To date over 4 billion doses of the various Severe Acute Respiratory Syndrome Coronavirus 2 (SARS-CoV-2) vaccines have been administered worldwide in response to the Coronavirus Disease 2019 (COVID-19) pandemic. Even as widespread vaccination campaigns have contributed to declining case rates, adverse events are appearing beyond those originally reported in the clinical trials of vaccine efficacy and safety. Of particular relevance to the kidney is the increasing number of reports of de novo or reactivation of glomerular diseases (Table 1). The occurrence of glomerular disease after immunization against influenza, pneumococcus, and hepatitis B has been reported in the past26Gutierrez S. Dotto B. Petiti J.P. et al.Minimal change disease following influenza vaccination and acute renal failure: just a coincidence?.Nefrologia. 2012; 32: 414-415Google Scholar, 27Kikuchi Y. Imakiire T. Hyodo T. et al.Minimal change nephrotic syndrome, lymphadenopathy and hyperimmunoglobulinemia after immunization with a pneumococcal vaccine.Clin Nephrol. 2002; 58: 68-72Google Scholar, 28Ozdemir S. Bakkaloglu A. Oran O. Nephrotic syndrome associated with recombinant hepatitis B vaccination: a causal relationship or just a mere association?.Nephrol Dial Transplant. 1998; 13: 1888-1889Google Scholar. The reported patients developed acute onset nephrotic syndrome following vaccination, and kidney biopsies were consistent with a minimal change disease (MCD) pattern of injury. While temporal association (median onset of 12 days) with vaccination and disease onset suggested a vaccine-related induction of immune injury, the pathophysiologic mechanisms responsible have not been determined.Table 1Summary of reported cases of glomerular disease activation with COVID-19 vaccinationDiseaseAge (median and range)% FemaleVaccine TypeNumber of CasesDe Novo or Flare1Hanna C. Herrera Hernandez L.P. Bu L. et al.IgA nephropathy presenting as macroscopic hematuria in 2 pediatric patients after receiving the Pfizer COVID-19 vaccine.Kidney Int. 2021; 100: 705-706Google ScholarMaintenance Immune TherapyTemporal Association to VaccinationTreatmentOutcomeCOVID-IgG ResponseReferencesIgAN38 (13-52)58% (7/12)Pfizer-BioNTech, Moderna125 De Novo, 7 FlareNo, or Steroids, Mycophenolic acid, Calcineurin inhibitor in Transplant patient1-2 daysRASi, Steroids, CyclophosphamideSpontaneous resolution, renal response to immunotherapyPositive1Hanna C. Herrera Hernandez L.P. Bu L. et al.IgA nephropathy presenting as macroscopic hematuria in 2 pediatric patients after receiving the Pfizer COVID-19 vaccine.Kidney Int. 2021; 100: 705-706Google Scholar, 2Kudose S. Friedmann P. Albajrami O. et al.Histologic correlates of gross hematuria following Moderna COVID-19 vaccine in patients with IgA nephropathy.Kidney Int. 2021; 100: 468-469Google Scholar, 3Anderegg M.A. Liu M. Saganas C. et al.De novo vasculitis after mRNA-1273 (Moderna) vaccination.Kidney Int. 2021; 100: 474-476Google Scholar, 4Negrea L. Rovin B.H. Gross hematuria following vaccination for severe acute respiratory syndrome coronavirus 2 in 2 patients with IgA nephropathy.Kidney Int. 2021; 99: 1487Google Scholar, 5Perrin P. Bassand X. Benotmane I. et al.Gross hematuria following SARS-CoV-2 vaccination in patients with IgA nephropathy.Kidney Int. 2021; 100: 466-468Google Scholar, 6Tan H.Z. Tan R.Y. Choo J.C.J. et al.Is COVID-19 vaccination unmasking glomerulonephritis?.Kidney Int. 2021; 100: 469-471Google Scholar, 7Rahim S.E.G. Lin J.T. Wang J.C. A case of gross hematuria and IgA nephropathy flare-up following SARS-CoV-2 vaccination.Kidney Int. 2021; 100: 238Google ScholarMCD61 (22-“early 80s”)36 (4/11)Pfizer-BioNTech, Moderna, Astra Zeneca117 De Novo, 4 FlareNo, or Steroids, Calcineurin inhibitor, Rituximab1-13 days (Median 7 days)Steroids, Calcineurin inhibitorRenal response to immunotherapy majority of casesPositive8Weijers J. Alvarez C. Hermans M.M.H. Post-vaccinal minimal change disease.Kidney Int. 2021; 100: 459-461Google Scholar, 9Morlidge C. El-Kateb S. Jeevaratnam P. et al.Relapse of minimal change disease following the AstraZeneca COVID-19 vaccine.Kidney Int. 2021; 100: 459Google Scholar, 10D'Agati V.D. Kudose S. Bomback A.S. et al.Minimal change disease and acute kidney injury following the Pfizer-BioNTech COVID-19 vaccine.Kidney Int. 2021; 100: 461-463Google Scholar, 11Schwotzer N. Kissling S. Fakhouri F. Letter regarding "Minimal change disease relapse following SARS-CoV-2 mRNA vaccine.Kidney Int. 2021; 100: 458-459Google Scholar, 12Holzworth A. Couchot P. Cruz-Knight W. et al.Minimal change disease following the Moderna mRNA-1273 SARS-CoV-2 vaccine.Kidney Int. 2021; 100: 463-464Google Scholar, 13Kervella D. Jacquemont L. Chapelet-Debout A. et al.Minimal change disease relapse following SARS-CoV-2 mRNA vaccine.Kidney Int. 2021; 100: 457-458Google Scholar, 14Leclerc S. Royal V. Lamarche C. et al.Minimal Change Disease With Severe Acute Kidney Injury Following the Oxford-AstraZeneca COVID-19 Vaccine: A Case Report.Am J Kidney Dis. 2021; Google Scholar, 15Komaba H. Wada T. Fukagawa M. Relapse of Minimal Change Disease Following the Pfizer-BioNTech COVID-19 Vaccine.Am J Kidney Dis. 2021; 78: 469-470Google Scholar, 16Maas R.J. Gianotten S. van der Meijden W.A.G. An Additional Case of Minimal Change Disease Following the Pfizer-BioNTech COVID-19 Vaccine.Am J Kidney Dis. 2021; 78: 312Google Scholar, 17Lebedev L. Sapojnikov M. Wechsler A. et al.Minimal Change Disease Following the Pfizer-BioNTech COVID-19 Vaccine.Am J Kidney Dis. 2021; 78: 142-145Google ScholarMN68 (66-70)50 (1/2)Pfizer-BioNTech, Sinovac21 De Novo (Anti-THSD7A+), 1 Flare (Anti-PLA2R+)No7-14 daysRASiNRPositive18Da Y. Goh G.H. Khatri P. A case of membranous nephropathy following Pfizer-BioNTech mRNA vaccination against COVID-19.Kidney Int. 2021; Google Scholar,19Aydin M.F. Yildiz A. Oruc A. et al.Relapse of primary membranous nephropathy after inactivated SARS-CoV-2 virus vaccination.Kidney Int. 2021; 100:...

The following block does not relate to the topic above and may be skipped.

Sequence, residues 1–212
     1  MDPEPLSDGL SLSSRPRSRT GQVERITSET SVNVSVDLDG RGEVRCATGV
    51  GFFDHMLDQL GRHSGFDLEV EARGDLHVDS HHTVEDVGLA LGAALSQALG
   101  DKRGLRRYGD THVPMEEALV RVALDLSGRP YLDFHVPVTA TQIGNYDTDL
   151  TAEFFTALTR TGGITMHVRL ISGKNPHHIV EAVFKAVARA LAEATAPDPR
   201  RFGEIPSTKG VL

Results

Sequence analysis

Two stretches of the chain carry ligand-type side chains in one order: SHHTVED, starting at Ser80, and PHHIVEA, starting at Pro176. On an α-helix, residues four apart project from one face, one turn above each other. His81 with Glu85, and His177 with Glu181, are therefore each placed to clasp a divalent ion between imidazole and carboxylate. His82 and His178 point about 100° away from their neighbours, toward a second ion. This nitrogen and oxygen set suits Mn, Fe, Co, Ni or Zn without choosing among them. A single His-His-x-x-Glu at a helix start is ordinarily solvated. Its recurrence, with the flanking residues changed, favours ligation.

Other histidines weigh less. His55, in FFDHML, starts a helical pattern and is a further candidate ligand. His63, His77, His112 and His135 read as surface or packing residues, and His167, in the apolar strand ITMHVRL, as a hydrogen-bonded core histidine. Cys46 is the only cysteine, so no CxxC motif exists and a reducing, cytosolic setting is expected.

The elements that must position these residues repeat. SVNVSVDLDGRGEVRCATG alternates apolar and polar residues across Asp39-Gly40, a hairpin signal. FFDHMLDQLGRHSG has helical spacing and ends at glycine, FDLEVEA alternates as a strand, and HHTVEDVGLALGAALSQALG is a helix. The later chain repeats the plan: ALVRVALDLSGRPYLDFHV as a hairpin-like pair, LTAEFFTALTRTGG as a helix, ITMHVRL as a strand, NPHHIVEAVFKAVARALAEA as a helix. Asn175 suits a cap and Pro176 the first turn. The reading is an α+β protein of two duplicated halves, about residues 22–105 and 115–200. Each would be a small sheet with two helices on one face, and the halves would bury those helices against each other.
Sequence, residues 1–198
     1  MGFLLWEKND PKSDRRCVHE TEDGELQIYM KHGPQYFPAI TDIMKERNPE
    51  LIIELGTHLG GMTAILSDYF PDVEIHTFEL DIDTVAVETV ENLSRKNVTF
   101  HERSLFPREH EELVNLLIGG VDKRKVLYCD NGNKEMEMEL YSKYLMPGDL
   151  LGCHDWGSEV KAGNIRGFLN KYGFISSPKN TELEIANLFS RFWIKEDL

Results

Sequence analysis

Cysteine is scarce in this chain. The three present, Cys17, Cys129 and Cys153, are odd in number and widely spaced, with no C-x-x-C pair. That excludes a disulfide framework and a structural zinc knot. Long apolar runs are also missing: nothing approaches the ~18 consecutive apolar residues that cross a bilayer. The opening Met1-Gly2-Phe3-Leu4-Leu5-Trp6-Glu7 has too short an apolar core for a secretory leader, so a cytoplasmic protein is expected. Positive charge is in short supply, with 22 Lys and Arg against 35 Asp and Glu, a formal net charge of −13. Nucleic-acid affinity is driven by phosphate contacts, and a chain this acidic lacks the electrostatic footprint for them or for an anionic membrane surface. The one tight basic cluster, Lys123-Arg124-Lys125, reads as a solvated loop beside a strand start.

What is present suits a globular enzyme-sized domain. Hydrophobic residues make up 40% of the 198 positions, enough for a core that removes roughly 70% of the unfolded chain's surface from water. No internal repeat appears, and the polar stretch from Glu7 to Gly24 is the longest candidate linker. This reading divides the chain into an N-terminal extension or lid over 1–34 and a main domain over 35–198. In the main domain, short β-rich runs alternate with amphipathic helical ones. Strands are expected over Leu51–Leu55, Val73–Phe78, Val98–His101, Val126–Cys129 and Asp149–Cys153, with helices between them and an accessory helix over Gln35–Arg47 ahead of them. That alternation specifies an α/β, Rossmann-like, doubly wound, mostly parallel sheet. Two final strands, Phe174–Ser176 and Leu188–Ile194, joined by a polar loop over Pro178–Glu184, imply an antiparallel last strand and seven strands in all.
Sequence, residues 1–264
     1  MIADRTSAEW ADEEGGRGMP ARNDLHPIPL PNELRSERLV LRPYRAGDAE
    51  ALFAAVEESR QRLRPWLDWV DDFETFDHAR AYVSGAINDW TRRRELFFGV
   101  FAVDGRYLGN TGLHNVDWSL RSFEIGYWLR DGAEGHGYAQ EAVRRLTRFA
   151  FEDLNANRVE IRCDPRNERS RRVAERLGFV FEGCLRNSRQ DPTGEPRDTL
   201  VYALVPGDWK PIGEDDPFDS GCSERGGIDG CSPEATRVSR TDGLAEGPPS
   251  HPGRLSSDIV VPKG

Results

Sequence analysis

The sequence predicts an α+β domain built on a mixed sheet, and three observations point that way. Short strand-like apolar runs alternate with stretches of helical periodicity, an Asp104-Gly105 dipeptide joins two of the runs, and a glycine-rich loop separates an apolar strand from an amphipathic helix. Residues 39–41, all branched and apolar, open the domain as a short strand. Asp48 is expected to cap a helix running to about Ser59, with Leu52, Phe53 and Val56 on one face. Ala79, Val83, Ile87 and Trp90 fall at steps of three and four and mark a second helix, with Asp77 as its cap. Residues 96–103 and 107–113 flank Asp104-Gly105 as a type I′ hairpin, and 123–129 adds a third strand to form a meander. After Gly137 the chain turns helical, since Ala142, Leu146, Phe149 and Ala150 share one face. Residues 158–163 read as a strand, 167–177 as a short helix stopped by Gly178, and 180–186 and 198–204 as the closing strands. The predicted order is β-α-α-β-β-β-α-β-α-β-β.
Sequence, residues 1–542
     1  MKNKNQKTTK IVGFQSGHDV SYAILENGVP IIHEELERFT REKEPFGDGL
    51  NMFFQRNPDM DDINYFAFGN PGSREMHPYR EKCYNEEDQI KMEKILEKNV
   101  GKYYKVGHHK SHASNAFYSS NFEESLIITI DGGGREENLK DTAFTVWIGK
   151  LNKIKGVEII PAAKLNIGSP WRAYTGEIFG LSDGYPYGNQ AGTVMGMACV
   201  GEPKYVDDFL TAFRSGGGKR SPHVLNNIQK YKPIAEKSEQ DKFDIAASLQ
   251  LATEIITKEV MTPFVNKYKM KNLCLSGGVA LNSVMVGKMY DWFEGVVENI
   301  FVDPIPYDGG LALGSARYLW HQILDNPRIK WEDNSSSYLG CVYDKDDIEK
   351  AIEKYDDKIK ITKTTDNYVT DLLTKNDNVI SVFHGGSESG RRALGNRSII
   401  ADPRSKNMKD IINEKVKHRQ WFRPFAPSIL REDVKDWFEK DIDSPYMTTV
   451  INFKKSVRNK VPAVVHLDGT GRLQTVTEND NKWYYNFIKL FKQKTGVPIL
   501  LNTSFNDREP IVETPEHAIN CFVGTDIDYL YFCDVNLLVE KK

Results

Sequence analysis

Yuntao Bai, Ji Young Kim, Bijay Bisunke, Laura A. Jayne, Josie A. Silvaroli, Michael S. Balzer, Megha Gandhi, Kevin M. Huang, Veronika Sander, Jason Prosek, et al.